Hello! Today is the second day of the working week and so we bring you Joe McCulloch for his first of two contributions this week. What's the second one? That's a surprise.
Kristy Valenti brings us a recording of a recent discussion at Geek Girl Con with Donna Almendrala (Bingo Baby), Jen Van Meter (Black Cat, Hopeless Savages), Jen Vaughn (Cartozia Tales, Adventure Time) and Karin Weekes (Bioware: Dragon Age, Mass Effect)
And Rob Clough reviews Zak Sally's Sammy the Mouse vol. 2.
What all this means for Sally in this volume is the possibility of action and motion. These are all cartoon characters, after all. They’re all living in the same city as every cartoon character ever, and that city is grungy, strange, and not all that friendly. So when Feekes hops from bar stool to bar stool and then “sproings” up to sit next to Sammy, it’s a perfectly natural Looney Tunes sort of moment. That sense that every cartoon character from Dr. Seuss to the present is reinforced when Peter Bagge’s Goon on the Moon pops up at the bar to annoy Sammy and when Kim Deitch’s Waldo is the one who pays Urbanski (a sort of grown-up version of Charlie Brown, down to the zig-zag-striped shirt). The world of Sammy the Mouse is not unlike Tom Stoppard’s Rosencrantz and Guildenstern Are Dead: What are the characters doing when they’re not in adventures? What are they doing on their days off? I imagine for Sally, a former professional touring musician, this had to be a question that constantly dogged him. That’s why this comic feels so personal, even as it’s filtered through an anthropomorphic comics lens that bends reality when the narrative needs it to be bent.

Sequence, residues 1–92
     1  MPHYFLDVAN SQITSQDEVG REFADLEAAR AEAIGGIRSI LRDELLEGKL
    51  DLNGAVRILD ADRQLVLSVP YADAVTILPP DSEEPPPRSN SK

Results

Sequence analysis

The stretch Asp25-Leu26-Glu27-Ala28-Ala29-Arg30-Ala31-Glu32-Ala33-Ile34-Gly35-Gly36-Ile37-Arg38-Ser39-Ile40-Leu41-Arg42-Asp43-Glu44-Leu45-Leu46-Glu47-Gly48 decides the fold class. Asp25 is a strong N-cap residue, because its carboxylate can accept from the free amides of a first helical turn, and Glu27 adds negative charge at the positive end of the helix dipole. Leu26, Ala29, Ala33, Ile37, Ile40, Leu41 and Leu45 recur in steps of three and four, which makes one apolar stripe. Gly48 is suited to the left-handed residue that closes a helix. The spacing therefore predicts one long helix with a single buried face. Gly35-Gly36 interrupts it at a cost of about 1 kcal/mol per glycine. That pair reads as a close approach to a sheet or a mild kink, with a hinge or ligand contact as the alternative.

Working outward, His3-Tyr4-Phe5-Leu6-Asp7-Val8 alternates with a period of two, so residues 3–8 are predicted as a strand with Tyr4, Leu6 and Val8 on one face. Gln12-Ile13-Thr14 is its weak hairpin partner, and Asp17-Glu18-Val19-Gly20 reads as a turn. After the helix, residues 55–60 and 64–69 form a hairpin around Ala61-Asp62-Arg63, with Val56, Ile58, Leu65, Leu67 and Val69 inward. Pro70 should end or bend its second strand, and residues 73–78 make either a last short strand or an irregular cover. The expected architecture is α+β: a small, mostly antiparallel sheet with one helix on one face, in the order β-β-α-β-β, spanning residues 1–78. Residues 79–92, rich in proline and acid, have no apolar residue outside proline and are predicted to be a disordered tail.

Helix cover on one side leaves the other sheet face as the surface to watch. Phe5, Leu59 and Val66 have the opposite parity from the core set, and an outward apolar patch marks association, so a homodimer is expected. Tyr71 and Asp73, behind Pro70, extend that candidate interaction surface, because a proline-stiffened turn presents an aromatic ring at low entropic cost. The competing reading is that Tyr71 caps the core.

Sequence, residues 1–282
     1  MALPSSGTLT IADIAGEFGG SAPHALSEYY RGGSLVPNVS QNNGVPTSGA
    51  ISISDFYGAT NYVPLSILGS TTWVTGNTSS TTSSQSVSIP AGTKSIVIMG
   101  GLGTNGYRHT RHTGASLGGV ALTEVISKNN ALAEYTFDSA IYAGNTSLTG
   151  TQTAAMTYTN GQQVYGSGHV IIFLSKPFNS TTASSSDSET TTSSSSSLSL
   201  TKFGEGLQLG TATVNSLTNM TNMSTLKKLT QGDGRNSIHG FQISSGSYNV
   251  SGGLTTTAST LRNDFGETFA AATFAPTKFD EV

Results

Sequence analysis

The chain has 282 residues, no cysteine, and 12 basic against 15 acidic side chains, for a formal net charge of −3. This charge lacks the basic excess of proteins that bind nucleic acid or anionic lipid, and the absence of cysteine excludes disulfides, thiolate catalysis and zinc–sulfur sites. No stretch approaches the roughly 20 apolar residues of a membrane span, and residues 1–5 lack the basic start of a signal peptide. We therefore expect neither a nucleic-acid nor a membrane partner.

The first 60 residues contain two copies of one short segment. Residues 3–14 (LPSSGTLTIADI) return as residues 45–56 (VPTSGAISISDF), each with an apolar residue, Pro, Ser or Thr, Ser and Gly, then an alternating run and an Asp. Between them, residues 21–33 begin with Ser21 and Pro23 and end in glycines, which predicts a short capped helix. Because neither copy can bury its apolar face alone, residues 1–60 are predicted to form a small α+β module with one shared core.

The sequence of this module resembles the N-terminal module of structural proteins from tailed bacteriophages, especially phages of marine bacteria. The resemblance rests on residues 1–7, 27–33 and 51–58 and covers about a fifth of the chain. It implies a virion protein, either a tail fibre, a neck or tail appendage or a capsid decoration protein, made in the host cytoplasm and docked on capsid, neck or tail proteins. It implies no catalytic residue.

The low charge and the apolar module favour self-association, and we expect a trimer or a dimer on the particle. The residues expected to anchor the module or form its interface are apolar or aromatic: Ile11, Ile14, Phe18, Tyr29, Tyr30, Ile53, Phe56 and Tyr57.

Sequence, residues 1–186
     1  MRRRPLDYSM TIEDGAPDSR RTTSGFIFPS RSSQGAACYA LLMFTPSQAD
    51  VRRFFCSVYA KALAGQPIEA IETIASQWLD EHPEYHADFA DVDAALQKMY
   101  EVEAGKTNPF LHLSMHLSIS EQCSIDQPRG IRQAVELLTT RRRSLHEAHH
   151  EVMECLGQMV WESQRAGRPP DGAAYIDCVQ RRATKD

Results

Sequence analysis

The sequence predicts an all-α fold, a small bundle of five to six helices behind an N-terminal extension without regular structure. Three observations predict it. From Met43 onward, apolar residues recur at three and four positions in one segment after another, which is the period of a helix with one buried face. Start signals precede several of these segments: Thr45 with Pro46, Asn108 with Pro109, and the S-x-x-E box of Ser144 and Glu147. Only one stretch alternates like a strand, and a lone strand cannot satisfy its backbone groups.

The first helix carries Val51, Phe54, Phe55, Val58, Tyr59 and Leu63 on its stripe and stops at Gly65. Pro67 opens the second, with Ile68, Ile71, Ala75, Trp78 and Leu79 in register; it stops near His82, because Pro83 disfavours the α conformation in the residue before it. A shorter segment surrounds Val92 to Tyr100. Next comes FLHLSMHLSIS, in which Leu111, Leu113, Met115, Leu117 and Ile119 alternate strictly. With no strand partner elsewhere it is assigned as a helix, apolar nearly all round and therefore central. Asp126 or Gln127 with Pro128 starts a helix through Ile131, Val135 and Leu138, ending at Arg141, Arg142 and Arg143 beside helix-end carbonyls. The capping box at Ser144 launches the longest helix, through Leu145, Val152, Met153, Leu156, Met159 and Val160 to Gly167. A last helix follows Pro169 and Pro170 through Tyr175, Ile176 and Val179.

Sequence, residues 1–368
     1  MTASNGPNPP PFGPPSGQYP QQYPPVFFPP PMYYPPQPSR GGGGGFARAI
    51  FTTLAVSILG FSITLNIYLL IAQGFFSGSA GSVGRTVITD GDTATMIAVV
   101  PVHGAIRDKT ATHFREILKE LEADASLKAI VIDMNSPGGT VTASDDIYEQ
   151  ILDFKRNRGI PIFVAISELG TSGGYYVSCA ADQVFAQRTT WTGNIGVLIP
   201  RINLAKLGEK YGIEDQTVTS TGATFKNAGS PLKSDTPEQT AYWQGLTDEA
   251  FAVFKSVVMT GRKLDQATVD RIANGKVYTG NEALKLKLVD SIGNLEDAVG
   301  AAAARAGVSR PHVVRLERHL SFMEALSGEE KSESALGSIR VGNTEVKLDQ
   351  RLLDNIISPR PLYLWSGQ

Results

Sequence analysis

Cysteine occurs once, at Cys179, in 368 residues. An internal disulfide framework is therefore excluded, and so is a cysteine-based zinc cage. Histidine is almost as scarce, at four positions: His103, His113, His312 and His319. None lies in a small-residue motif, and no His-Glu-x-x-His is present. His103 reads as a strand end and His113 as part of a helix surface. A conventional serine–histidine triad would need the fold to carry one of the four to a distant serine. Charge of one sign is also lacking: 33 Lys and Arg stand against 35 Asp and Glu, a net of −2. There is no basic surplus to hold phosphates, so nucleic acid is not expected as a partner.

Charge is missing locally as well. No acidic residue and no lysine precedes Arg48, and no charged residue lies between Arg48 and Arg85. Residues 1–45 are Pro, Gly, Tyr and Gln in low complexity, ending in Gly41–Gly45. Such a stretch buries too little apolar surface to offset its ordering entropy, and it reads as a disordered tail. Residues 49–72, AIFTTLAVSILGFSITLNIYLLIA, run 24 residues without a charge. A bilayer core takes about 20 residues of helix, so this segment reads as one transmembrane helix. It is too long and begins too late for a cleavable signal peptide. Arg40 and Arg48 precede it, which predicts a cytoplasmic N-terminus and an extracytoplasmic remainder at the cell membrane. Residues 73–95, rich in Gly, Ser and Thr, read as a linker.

And a load of links to be found around town:
Steve Bissette on an early encounter with Fletcher Hanks.
Kim Deitch interviewed.
DC Entertainment president Diane Nelson on the company's move to Burbank.
The aforementioned Mr. McCulloch, along with TCJ-contributors Tucker Stone, Chris Mautner and Matt Seneca perform the latest Comic Books are Burning in Hell podcast.
Here's a nicely psychedelic Steve Ditko strip.
It continues to warm my heart that Arnold Roth has a blog.
The Huffington Post has a slightly wonky Best of 2013 post up.
The time Little Orphan Annie discussed the comics.
And School Spirits author (ahem, a PictureBox book) Anya Davidson interviewed at CBR.